“We were making a delivery in World Trade Center Building No. 1 when the first plane hit,” Weinstein said. “The next thing our driver, Corey Richardson, knew was that he was in the air being blown over the railing. As bodies started to rain down, Corey left the truck, ran out of the receiving dock and escaped unharmed.”

While the scene within was chaotic, outside the World Trade Center a panicked escape was taking place.

“Several of our drivers watched the plane hit the World Trade Center, as did a number of our outside sales personnel,” Weinstein said. “Our city trucks were beset with people clamoring to exit the area, and as we drove away there were electricians in the cab, truck body, on the roof, on the engine hood and just holding onto the doors. Many people rode this way clear from downtown New York City to our base in Jamaica, Queens. Our World Trade Center truck, however, remains buried under 15 stories of rubble.”

Another area driver narrowly escaped peril in the Sept. 11 crashes. According to Chris Brazill, a rep with Brazill Brothers & Associates Inc., Metuchen, N.J., one of Brazill Brothers’ drivers was in the delivery dock with the Kennedy and Liberty drivers and was able to escape.

“I haven’t spoken with the driver yet, but I know he was affected,” Brazill said. “He saw some horrific things … He saw an airplane wheel land and smash a car not too far from where he was.”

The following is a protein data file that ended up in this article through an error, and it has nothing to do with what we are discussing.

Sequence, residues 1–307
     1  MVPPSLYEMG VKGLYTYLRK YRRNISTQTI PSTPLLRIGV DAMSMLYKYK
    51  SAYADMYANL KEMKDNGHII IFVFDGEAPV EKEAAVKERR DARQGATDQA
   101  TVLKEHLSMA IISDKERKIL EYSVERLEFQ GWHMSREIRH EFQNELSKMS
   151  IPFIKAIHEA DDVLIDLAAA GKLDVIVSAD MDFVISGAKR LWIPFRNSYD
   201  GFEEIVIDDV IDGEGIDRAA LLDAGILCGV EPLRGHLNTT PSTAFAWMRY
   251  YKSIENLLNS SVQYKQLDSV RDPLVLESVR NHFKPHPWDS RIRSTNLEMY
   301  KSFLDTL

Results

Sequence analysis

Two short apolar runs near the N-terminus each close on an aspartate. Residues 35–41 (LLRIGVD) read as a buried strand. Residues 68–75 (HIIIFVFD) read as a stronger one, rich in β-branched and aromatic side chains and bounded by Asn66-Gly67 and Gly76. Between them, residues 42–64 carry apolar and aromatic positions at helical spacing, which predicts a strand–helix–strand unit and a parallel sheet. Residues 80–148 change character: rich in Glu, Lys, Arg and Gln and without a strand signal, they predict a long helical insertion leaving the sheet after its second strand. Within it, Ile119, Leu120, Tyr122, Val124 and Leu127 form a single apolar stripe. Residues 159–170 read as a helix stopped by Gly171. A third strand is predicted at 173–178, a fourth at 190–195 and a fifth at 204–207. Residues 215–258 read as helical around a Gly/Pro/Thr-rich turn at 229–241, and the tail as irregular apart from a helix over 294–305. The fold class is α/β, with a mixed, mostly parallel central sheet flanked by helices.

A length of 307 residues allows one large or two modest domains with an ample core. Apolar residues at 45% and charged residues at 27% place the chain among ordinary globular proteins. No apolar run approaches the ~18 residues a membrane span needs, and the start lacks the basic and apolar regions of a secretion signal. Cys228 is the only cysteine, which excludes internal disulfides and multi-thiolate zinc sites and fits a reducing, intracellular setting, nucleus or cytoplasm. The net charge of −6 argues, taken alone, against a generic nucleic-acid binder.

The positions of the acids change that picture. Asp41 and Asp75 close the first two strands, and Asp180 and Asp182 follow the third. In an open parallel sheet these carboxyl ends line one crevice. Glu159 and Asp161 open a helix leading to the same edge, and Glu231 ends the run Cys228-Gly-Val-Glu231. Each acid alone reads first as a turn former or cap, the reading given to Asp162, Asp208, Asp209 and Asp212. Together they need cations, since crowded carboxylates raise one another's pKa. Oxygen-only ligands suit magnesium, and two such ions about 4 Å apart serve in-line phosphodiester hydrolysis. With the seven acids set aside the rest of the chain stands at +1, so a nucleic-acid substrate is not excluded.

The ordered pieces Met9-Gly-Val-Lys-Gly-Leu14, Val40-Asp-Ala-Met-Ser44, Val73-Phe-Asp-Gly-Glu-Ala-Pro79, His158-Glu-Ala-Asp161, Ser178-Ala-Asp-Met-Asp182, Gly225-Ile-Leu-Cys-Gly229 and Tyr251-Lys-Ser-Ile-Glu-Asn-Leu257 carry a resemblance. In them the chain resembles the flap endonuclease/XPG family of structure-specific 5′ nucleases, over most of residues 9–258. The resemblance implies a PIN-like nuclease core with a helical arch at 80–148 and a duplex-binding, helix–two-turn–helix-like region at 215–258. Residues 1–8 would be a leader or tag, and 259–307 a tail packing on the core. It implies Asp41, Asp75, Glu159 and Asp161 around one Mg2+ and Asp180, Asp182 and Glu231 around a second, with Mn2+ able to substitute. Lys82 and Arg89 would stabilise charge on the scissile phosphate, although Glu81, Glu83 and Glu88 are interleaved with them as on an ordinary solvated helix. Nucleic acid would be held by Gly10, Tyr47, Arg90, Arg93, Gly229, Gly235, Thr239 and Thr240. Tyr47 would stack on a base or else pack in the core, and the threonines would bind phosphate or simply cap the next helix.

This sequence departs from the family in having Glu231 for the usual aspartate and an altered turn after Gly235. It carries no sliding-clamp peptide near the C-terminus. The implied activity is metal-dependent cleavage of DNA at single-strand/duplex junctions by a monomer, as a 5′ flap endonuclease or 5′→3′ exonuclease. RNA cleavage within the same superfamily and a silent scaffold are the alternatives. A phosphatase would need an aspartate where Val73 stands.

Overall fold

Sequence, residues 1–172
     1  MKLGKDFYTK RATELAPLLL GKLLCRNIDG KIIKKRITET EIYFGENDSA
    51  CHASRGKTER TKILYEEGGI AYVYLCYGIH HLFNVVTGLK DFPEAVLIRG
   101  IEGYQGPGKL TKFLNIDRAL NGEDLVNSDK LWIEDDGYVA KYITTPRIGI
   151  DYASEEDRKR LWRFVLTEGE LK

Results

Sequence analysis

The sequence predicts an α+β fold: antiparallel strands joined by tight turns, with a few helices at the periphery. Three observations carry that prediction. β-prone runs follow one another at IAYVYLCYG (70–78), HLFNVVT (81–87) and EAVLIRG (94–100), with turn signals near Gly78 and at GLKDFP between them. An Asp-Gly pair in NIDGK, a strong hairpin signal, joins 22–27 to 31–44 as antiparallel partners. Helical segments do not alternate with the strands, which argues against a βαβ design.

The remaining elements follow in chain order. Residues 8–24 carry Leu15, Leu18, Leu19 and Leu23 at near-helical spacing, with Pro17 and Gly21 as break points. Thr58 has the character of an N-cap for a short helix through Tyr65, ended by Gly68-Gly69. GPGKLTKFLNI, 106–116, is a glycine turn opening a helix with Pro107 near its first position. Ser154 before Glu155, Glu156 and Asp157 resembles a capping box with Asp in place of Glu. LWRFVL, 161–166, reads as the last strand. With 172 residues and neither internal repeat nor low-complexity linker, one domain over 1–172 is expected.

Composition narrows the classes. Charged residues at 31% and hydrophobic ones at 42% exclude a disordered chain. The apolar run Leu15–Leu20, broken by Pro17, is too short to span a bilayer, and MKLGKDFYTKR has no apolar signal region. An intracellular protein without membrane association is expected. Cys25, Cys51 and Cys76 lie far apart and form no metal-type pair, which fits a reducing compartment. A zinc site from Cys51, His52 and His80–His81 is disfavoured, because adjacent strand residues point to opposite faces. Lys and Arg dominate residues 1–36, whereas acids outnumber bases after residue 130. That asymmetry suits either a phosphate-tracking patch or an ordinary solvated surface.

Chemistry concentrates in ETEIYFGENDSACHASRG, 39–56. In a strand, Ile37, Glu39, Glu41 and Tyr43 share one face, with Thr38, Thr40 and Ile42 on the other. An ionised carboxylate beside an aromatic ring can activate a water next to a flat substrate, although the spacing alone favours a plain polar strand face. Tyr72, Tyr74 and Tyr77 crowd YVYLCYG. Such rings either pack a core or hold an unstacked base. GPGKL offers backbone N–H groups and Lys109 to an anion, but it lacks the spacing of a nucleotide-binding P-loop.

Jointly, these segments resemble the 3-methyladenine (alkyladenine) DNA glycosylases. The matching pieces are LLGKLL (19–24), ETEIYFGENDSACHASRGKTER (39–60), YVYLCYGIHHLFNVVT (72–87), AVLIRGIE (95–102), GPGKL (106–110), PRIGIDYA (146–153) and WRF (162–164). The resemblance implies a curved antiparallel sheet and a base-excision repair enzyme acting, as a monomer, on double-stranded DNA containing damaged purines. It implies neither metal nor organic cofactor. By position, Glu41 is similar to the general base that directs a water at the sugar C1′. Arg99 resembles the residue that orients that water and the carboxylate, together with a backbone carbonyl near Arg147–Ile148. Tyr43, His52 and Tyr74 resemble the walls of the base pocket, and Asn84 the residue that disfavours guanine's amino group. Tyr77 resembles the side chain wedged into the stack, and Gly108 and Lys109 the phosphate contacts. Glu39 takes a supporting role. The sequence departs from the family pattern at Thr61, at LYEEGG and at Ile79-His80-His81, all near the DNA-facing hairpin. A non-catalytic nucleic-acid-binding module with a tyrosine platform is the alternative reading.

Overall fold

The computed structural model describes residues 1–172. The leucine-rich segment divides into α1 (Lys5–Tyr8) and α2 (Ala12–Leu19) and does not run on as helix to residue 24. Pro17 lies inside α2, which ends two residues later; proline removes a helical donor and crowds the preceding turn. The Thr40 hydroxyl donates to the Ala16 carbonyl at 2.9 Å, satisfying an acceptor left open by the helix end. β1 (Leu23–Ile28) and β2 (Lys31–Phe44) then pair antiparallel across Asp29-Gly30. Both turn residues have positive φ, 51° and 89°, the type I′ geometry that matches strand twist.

Another rep was left stranded outside the city after the attack.

“I was going to a Graybar golf outing in Westchester County and the golf outing got called off,” said Patrick Burgoyne of Burgoyne Electric Sales Co., Edison, N.J. “There was nothing we could do because all the exits out of New York were closed.”

Many distributors with branches in lower Manhattan felt the tragedy’s effects both emotionally and physically.

Just 10 blocks from the World Trade Center site, employees of international distributor Argo International, New York, felt the force of the explosion, and when they went outside to see what happened, many saw the second plane hit.

“No Argo people were hurt, but friends and family members were part of fatalities. It’s a sad day for New York City, New York, the U.S. and the world,” said John SantaCroce, the company’s president and chief operating officer.

SantaCroce spoke with authorities on the day of the attack about keeping the Argo building open for rescue teams as a staging area or possibly a hospital, but the staff had to evacuate the facility that afternoon.

While many say that the shock of the event is still lingering, the rescue and recovery effort at Ground Zero goes on.

Robert Gargan, the Long Island City branch manager for Graybar Electric Co. Inc., St. Louis, said the emergency personnel require a huge amount of supplies.